If you have several images following a certain structure on a web page and want them as thumbnails, it can be useful to programatically create these. The manual way of creating thumbnails (using Photoshop or similar) can often be time consuming while the execution time for a script resizing an image is counted in microseconds. If you already have a script this can also be fitted for other similar situations. With the Python Image Library (PIL) thumbnails can be created in no-time.
In this real word example a Python scripts runs through the folder in which the script is located, resizes each image of the type png and jpg (hopefully the filenames corresponds to the format), when the images have been resized they are put inside a new folder.
Note that PIL ensures a correct aspect ratio and that the size variable just sets the boundary. In the code bellow the important feature is to have images that not exceeds 150px in width (standard convention with width and height). Passing the PIL Image object the size will transform the object into a thumbnail. The method by which the transformation should be performed can be added as an optional parameter. From the documentation: “The filter argument can be one of NEAREST, BILINEAR, BICUBIC, or ANTIALIAS (best quality). If omitted, it defaults to NEAREST.”
#!/usr/bin/python # -*- coding: utf-8 -*- import Image import os #Imports the Image and os libraries. os is part of standard libraries. Image is part of Python Image Library (PIL) #PIL can be downloaded from: http://www.pythonware.com/products/pil/ #Creates sets and creates the directory onto where you want your files to be saved outdir = "150images/" os.mkdir("./"+outdir) #If the directory already exists this will cause an OSError. size = 150, 400 #Set the size that you want to resize your image to. #Thumbnail automatically checks for ratio consistency so alter the important variable (height or width) for files in os.listdir("."): #Sets the appropriate suffix to your files. outfile = os.path.splitext(files) + "_thumbnail.jpg" #Transforms JPG formatted files if files.endswith(".jpg"): im = Image.open(files) try: im.thumbnail(size, Image.ANTIALIAS) im.save(outdir+outfile, "JPEG") print "Saved the file: %s" % outdir+outfile except IOError: print "cannot create thumbnail for '%s'" % infile #Transforms PNG formatted files if files.endswith(".png"): im = Image.open(files) try: im.thumbnail(size, Image.ANTIALIAS) im.save(outdir+outfile, "JPEG") print "Saved the file: %s" % outfile except IOError: print "cannot create thumbnail for '%s'" % infile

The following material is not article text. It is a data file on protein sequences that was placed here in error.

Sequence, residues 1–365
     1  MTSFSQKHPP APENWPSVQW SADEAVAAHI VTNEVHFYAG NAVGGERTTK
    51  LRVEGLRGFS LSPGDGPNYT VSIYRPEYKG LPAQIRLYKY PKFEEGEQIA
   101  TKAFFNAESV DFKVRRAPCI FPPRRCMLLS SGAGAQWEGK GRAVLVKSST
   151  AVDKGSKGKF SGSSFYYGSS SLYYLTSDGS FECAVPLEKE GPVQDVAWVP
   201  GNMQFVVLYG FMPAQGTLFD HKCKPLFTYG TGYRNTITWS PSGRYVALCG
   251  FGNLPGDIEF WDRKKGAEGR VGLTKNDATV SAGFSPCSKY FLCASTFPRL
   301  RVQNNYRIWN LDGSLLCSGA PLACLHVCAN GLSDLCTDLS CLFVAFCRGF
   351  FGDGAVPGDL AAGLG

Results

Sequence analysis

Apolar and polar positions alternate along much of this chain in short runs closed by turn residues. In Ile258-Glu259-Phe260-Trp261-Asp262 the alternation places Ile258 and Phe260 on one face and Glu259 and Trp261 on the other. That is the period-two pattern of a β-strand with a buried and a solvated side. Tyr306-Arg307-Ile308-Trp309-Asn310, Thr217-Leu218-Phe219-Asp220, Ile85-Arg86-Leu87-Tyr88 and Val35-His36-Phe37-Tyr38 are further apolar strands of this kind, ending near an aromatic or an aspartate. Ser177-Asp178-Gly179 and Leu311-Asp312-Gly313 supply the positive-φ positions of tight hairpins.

The script will execute once, but as you execute twice you will get an OSError, this is due to the folder being created in the beginning of the script. I have chosen to name this folder after the significant size boundary in the script (maximum 150px width). PIL is not a part of the standard library, but can easily be installed through pip or easy_install. Python is available on almost every platform and comes preinstalled on the Mac.